Hubris has been the fatal weakness of every empire there has been, says John Wight.
History records that Marcus Licinius Crassus, the lesser-known member of a First Triumvirate in Rome (60–53 BC) which also included Julius Caesar and Gnaeus Pompeius Magnus (Pompey), was a man of enormous personal wealth, greed and vanity. Desirous of achieving a military triumph to match those of his more illustrious fellow triumvirs, his vanity led to him embarking on an ill-fated military invasion of Parthia (present day central eastern Turkey and northeastern Iran) in 53 BC. It resulted in the annihilation of his legions and his own death; culminating, it is said, in the Parthians pouring molten gold into his mouth to signify his notorious hunger for riches.
Donald Trump, 45th president of the United States, is our Crassus, a man whose greed is only matched by his vanity. In giving the order to assassinate Iran’s Qassem Soleimani in Iraq, he has opened the gates of hell at the behest of the very neocons whose worldview he entered the White House pledging to oppose in 2016.
Mired in an impeachment scandal in Washington, thrashing around on Twitter desperate to receive the acclaim and adulation he believes is his by birthright, Trump has just committed the greatest military blunder of any American president since Lyndon Johnson decided to enter Vietnam with boots on the ground in 1965.
Qassem Soleimani was more than the military genius, a man who even his detractors must grudgingly acknowledge struck fear in the heart of every Salafi-jihadist from Riyadh to Raqqa and everywhere in-between. Revered by his friends and reviled by his enemies, here was a man who did not flinch from danger and personal risk alongside the men under his command. For such as he, a man’s worth is measured not in the size of his bank account or mansion, but instead in the size of his fidelity to a cause greater than self.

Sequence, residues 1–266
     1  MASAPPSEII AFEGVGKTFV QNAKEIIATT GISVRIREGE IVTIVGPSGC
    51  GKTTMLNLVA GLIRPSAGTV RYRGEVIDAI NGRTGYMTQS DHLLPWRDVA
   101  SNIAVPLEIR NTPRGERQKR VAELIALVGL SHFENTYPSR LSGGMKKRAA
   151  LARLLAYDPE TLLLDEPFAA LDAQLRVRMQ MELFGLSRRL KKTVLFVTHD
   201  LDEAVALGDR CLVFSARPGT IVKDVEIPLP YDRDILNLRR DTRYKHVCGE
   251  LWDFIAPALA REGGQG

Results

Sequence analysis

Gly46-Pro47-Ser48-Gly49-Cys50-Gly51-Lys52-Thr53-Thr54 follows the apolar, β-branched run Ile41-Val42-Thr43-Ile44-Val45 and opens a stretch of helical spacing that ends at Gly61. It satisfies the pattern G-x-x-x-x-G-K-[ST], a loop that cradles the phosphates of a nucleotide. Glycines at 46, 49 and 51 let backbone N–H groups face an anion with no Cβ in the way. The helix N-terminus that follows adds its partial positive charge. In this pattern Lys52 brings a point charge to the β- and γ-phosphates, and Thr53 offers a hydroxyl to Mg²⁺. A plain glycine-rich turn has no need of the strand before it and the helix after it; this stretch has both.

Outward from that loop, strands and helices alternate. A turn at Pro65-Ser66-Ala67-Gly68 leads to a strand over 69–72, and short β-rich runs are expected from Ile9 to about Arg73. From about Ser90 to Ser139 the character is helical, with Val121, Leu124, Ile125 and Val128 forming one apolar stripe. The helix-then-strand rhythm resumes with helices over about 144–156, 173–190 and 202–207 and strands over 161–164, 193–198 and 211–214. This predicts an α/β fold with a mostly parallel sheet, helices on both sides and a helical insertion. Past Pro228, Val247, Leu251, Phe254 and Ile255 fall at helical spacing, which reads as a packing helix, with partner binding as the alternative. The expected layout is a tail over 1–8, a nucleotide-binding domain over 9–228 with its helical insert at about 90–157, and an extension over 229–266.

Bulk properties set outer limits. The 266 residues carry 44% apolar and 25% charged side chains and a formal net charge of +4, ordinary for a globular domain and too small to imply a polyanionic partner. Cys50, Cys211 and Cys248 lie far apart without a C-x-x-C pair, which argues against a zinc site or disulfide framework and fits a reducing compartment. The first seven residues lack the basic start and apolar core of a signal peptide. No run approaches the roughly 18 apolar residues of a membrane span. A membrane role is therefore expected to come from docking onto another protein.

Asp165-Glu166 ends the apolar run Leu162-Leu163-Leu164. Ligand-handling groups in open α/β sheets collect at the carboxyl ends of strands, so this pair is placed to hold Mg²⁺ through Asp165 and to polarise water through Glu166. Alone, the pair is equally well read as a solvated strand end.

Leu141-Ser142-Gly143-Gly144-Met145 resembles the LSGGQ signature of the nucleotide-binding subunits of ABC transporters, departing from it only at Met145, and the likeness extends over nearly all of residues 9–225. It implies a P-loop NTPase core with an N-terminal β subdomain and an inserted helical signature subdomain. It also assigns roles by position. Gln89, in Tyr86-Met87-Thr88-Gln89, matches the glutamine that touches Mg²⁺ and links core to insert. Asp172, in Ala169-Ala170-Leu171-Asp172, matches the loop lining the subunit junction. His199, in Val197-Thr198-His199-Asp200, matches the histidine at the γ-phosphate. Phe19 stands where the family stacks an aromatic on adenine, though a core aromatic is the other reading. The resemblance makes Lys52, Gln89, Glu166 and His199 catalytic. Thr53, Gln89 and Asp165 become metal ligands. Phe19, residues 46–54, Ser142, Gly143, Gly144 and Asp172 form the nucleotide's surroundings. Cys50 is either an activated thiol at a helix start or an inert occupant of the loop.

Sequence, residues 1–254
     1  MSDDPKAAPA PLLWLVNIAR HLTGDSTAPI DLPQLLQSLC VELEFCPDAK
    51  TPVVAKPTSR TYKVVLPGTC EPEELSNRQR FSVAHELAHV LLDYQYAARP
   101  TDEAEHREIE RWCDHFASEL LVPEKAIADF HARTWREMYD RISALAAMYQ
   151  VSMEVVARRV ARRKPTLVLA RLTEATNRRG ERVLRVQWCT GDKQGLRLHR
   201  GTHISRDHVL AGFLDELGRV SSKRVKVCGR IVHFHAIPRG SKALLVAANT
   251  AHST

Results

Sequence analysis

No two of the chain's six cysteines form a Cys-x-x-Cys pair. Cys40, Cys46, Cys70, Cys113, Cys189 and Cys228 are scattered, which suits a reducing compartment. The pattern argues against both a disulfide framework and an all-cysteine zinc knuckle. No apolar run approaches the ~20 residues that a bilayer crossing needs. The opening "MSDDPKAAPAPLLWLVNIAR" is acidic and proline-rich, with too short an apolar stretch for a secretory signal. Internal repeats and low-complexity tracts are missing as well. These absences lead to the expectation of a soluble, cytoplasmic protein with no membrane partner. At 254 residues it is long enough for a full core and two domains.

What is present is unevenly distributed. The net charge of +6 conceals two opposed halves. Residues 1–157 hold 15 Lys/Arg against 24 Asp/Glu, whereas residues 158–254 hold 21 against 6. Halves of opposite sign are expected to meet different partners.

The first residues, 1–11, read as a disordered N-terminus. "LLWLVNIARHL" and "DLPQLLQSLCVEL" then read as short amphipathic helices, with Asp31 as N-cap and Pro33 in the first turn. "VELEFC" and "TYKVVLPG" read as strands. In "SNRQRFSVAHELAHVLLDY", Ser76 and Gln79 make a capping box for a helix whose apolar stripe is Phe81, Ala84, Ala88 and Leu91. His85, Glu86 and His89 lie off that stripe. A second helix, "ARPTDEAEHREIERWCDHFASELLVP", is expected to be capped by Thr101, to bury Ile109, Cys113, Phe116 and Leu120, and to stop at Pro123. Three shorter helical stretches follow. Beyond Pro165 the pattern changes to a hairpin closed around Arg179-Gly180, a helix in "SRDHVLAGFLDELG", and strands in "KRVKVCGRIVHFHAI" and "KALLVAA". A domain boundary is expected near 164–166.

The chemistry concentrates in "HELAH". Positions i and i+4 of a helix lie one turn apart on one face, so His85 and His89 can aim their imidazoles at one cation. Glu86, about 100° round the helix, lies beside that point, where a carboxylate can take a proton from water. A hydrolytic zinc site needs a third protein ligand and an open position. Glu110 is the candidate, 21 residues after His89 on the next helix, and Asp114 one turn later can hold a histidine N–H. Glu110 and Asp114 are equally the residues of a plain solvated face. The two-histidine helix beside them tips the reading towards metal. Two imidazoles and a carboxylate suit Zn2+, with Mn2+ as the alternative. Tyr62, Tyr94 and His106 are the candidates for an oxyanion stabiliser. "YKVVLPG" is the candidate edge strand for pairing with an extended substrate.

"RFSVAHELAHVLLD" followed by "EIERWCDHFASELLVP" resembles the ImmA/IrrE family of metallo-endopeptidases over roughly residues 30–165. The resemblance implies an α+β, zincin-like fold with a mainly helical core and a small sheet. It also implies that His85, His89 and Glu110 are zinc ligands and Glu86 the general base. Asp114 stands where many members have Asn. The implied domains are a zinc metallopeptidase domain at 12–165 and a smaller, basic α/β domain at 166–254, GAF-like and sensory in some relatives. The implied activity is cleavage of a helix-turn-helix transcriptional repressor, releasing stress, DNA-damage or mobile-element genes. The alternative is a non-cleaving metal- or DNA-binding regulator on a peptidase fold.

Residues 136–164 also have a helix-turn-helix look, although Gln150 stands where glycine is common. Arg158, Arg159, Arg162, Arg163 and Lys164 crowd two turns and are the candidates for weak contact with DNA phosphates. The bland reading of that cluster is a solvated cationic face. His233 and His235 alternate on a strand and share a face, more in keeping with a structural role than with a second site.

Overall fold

Trump could never with all the money in hell buy what this Iranian possessed. He was the Middle East’s Che Guevara, and just like him, in death Qassem Soleimani has attained the status of an idea — the idea of resistance to empire, imperialism, colonialism, exploitation and oppression. It’s an idea that will never die, which is why in death Qasem Soleimani will prove a far greater foe to Washington and its allies and lackeys than he ever did in life.
Iran now has no choice other than to retaliate in the face of what will go down in history as a provocation too far. The Iranian people, divided like all people are on various issues at home, are united steadfast in their determination to resist any and all attempts to return to the days when their country as a de facto U.S. colonial possession, ruled by a flunkey of the Empire at the cost of their dignity and national honor.
As to those who will be celebrating the death of Qassem Soleimani, we have appearing in sharp relief a true axis of sectarianism, oppression and apartheid — made up of Israel, Saudi Arabia and ISIS and its various offshoots. Such an axis offers nothing but misery and carnage in a region that has already experienced far too much of same in recent years. Trump gave the order to kill Iran’s supreme military commander not as the leader of the free world, but as the head of a vast criminal conspiracy which, like a rabid beast, has broken from its leash and is now out of control.
Hubris has been the fatal weakness of every empire there has been. Sustained by a false sense of invincibility and cultural superiority, hubris has proved their downfall. And so it is now, in our time, with a U.S. empire in decline. In attacking Iran systematically since he became president — first pulling out of the P5+1 Iran nuclear deal, then imposing draconian sanctions on the country, and now with this disastrous escalation, Trump has not, as the likes of Vice President Mike Pence and Secretary of StateMike Pompeo would have him believe, set in train the kind of internal unrest that will lead inexorably to regime change in Tehran.
Instead he has only succeeded in forging the iron will of a people to resist the attempt to return them to the state of U.S. vassalage they once endured under the Shah.
Crassus understood too late the folly in allowing personal vanity to dictate military strategy. Trump has just done likewise. As such, a mouthful of molten gold awaits.
John Wight is an independent journalist based in Edinburgh, Scotland.
This article was first published on Medium.
The views expressed are solely those of the author and may or may not reflect those of Consortium News.
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